Georgia Tech struggles on both sides of ball in loss to BYU

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PROVO, Utah — Georgia Tech experienced a tale of two halves. In each situation, the outcome did not favor the Yellow Jackets.

Georgia Tech quarterback Vad Lee led his team to 400 yards of total offense, but they were not able to overcome a pair of turnovers in the fourth quarter Saturday night.  MATT GADE/ASSOCIATED PRESS
MATT GADE/ASSOCIATED PRESS
Georgia Tech quarterback Vad Lee led his team to 400 yards of total offense, but they were not able to overcome a pair of turnovers in the fourth quarter Saturday night.

Georgia Tech had trouble stopping Brigham Young’s offense in the first half, allowing the Cougars to score on four of their first five possessions. After halftime, the Yellow Jacket defense adjusted and slowed BYU down.

At that point, BYU’s defense took over and forced turnovers on consecutive fourth quarter drives. It led to a 38-20 victory for the Cougars on Saturday night and plenty of frustration for Georgia Tech.

“We were killing ourselves,” Georgia Tech quarterback Vad Lee said. “BYU has a good defense and you can’t kill yourself against a good defense. They played the same as last year. Their defense doesn’t change. They just line up and they out man you and that’s what they did to us.”

BYU (4-2) had 433 yards of total offense with 345 yards coming before halftime. The Cougars had more first downs than any Georgia Tech opponent this season.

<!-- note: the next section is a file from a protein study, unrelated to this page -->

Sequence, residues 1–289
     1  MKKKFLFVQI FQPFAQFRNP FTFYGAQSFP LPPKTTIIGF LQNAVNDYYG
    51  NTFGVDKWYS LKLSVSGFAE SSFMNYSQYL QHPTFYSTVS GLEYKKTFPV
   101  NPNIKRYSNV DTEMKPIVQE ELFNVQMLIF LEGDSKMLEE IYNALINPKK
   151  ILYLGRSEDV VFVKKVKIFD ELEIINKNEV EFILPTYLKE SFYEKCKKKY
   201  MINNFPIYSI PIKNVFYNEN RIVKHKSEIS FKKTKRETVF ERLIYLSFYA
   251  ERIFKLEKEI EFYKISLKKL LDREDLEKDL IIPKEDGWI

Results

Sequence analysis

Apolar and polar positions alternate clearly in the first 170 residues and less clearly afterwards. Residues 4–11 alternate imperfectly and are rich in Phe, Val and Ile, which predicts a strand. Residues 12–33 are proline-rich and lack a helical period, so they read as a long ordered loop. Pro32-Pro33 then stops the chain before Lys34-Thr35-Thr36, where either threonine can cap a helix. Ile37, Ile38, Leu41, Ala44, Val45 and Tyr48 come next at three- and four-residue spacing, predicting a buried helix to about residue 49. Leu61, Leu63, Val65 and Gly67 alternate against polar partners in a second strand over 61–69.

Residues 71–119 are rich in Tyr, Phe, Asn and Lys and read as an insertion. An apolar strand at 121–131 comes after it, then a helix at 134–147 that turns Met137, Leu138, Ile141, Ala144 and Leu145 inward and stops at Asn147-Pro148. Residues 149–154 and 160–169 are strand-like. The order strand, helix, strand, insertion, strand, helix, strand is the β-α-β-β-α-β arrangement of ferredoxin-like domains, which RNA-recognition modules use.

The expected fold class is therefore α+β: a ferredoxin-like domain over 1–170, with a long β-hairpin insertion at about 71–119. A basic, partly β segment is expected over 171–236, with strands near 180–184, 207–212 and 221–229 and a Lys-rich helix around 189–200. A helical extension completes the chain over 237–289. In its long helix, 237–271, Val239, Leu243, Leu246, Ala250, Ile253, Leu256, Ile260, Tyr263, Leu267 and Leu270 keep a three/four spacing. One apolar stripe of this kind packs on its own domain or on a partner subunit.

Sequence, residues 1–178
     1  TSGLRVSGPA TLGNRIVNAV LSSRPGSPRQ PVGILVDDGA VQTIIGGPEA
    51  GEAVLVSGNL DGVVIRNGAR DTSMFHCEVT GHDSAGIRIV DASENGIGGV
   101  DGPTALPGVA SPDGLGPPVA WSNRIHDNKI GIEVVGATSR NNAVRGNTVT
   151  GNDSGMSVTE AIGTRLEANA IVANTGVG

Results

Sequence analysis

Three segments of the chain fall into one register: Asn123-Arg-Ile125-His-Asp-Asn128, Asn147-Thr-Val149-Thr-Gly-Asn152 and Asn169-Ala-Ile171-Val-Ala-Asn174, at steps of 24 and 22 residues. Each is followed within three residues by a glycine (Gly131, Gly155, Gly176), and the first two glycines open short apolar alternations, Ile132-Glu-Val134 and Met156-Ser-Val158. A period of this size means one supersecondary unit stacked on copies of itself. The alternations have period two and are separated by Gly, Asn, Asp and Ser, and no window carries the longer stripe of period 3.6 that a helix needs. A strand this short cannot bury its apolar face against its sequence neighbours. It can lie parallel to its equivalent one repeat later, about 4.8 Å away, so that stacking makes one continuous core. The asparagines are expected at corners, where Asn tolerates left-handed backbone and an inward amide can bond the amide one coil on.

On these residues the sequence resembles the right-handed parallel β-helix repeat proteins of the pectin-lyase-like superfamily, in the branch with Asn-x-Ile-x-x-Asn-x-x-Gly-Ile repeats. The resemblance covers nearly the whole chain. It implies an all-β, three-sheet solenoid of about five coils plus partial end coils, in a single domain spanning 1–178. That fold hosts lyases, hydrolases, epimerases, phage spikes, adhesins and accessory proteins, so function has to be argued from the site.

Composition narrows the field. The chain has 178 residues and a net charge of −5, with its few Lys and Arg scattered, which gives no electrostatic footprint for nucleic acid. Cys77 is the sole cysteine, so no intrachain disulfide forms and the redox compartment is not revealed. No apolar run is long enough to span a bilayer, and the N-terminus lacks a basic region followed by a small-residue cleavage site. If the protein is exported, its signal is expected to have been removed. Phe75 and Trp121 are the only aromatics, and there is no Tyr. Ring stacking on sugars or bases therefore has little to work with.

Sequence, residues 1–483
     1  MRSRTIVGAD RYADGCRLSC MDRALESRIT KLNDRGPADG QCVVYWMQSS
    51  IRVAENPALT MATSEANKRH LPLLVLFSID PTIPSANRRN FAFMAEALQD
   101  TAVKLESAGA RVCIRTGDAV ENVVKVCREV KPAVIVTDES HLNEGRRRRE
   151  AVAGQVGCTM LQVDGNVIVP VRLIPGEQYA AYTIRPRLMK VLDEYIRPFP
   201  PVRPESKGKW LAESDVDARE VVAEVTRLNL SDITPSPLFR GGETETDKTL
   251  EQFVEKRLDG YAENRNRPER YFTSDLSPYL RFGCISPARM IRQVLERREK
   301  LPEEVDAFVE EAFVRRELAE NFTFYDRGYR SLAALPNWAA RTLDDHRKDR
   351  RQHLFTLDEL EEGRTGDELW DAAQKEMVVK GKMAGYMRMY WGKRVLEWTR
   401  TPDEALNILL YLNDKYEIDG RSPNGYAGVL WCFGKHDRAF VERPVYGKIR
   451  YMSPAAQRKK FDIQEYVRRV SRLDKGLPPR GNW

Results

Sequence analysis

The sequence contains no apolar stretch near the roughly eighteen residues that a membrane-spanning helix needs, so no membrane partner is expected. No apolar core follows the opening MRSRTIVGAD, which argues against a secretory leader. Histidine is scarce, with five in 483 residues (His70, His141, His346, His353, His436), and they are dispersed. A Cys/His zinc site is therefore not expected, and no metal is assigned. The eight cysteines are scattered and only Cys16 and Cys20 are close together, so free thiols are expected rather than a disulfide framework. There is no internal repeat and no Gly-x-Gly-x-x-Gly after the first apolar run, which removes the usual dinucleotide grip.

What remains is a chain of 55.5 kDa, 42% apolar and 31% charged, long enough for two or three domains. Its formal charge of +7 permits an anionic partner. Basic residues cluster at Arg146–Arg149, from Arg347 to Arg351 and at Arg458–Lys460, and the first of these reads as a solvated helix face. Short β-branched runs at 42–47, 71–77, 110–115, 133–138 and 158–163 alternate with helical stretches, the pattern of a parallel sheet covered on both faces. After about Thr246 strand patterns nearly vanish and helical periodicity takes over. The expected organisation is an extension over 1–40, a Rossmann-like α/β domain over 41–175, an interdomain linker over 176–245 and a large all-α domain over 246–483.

“Initially, we had a lot of short, quick passes that allowed our offense to get into a rhythm,” Hill said. “We took advantage and that really allowed us to get into a groove in the first half.”

Georgia Tech (3-3, 2-2 ACC) totaled 400 yards on offense. Lee led the way with 133 yards on 7 of 20 passing and racked up 41 yards on 21 carries. But the Yellow Jackets could not stop the Cougar offense before halftime and failed to overcome a pair of costly fourth quarter turnovers.

“We dug ourselves into such a hole and against a team that’s traditionally pretty good defensively,” Georgia Tech coach Paul Johnson said. “You put yourself so far behind the eight ball.”

The biggest surprise for Georgia Tech was that Hill did most of his damage through the air only a few weeks after struggling to complete the majority of his pass attempts.

Hill looked nothing like the quarterback who struggled so much in the passing game earlier in the season during the first half. He completed his first eight passes and did not throw an incomplete pass until early in the second quarter.

The sophomore completed 16 of 20 passes for 226 yards by halftime.


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